Consider implementing a morning message circle into your day so that students learn again how to be active listeners, how to clearly communicate, and how to talk about how they feel and what they need. This is also a great time for you to listen into your students’ worlds to gauge how they are doing both mentally and emotionally after the quarantine and with the transition back into a public institution.

Above all else, your patience will need to be refined, because all educators are going to need plenty of it! Be empathetic of what each child has gone through, greet them each day with a warm smile and an "air high five," and bring your best lessons and best practices. Teach your students that school is a fun place where learning happens, where people care, and where a safe space exists after the world shut down and everyone hits the reset button again!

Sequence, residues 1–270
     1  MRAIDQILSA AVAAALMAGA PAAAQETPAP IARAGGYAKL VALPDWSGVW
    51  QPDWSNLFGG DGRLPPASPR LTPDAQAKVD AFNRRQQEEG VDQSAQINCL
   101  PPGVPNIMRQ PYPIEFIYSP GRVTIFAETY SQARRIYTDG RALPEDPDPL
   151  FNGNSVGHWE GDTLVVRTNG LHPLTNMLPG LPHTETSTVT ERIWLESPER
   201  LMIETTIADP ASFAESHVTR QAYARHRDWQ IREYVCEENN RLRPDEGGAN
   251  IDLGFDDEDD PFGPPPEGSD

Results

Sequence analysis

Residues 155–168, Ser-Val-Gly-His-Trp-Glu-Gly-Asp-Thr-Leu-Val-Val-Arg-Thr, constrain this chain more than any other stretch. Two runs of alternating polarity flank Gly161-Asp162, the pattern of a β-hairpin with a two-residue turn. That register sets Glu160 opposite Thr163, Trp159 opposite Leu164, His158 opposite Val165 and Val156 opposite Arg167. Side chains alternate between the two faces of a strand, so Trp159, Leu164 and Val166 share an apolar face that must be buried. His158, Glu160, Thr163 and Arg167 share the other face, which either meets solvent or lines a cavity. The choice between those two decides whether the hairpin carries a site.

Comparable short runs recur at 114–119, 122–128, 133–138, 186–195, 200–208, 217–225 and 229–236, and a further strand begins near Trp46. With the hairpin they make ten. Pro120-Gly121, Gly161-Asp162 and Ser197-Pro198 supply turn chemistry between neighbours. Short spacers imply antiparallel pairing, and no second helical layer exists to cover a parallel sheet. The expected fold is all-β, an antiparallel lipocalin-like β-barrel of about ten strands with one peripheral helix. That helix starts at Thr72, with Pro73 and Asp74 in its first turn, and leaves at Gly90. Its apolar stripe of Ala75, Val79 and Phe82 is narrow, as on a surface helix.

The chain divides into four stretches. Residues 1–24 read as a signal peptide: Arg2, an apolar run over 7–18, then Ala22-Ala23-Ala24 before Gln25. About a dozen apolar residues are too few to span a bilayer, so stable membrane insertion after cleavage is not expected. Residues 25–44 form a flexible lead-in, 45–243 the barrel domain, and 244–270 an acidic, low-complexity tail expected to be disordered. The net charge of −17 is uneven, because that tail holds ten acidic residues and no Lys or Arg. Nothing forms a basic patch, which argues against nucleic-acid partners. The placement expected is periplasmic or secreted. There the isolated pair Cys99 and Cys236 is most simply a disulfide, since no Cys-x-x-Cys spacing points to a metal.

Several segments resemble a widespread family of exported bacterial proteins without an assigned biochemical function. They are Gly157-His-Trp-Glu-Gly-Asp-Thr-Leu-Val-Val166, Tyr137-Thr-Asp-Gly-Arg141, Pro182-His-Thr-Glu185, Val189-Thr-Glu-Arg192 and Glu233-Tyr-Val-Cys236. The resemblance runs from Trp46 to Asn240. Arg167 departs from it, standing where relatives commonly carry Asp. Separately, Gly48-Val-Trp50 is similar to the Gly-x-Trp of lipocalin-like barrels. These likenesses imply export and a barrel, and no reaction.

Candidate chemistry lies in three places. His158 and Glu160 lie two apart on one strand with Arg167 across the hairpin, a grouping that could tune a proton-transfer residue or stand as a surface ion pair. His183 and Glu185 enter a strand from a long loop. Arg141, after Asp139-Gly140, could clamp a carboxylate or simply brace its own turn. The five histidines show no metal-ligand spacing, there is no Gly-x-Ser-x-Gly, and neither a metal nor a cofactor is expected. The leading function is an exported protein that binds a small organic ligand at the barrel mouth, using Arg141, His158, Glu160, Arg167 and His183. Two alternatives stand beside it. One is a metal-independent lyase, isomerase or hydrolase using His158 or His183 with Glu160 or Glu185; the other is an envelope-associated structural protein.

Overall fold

What advice do you have for planning now to go back to school in the Fall? Share with us on Instagram, Facebook, Twitter, and Pinterest.

Heather Aulisio is a third grade teacher in Pennsylvania. She has been a teacher for nearly 15 years and holds multiple degrees and certifications. A freelancer for The Mailbox and other education-related clients and publications, she enjoys writing in order to help and entertain fellow teachers. She currently resides with her husband, Bryan; son, Matthew; and two pugs, Lily and Leo.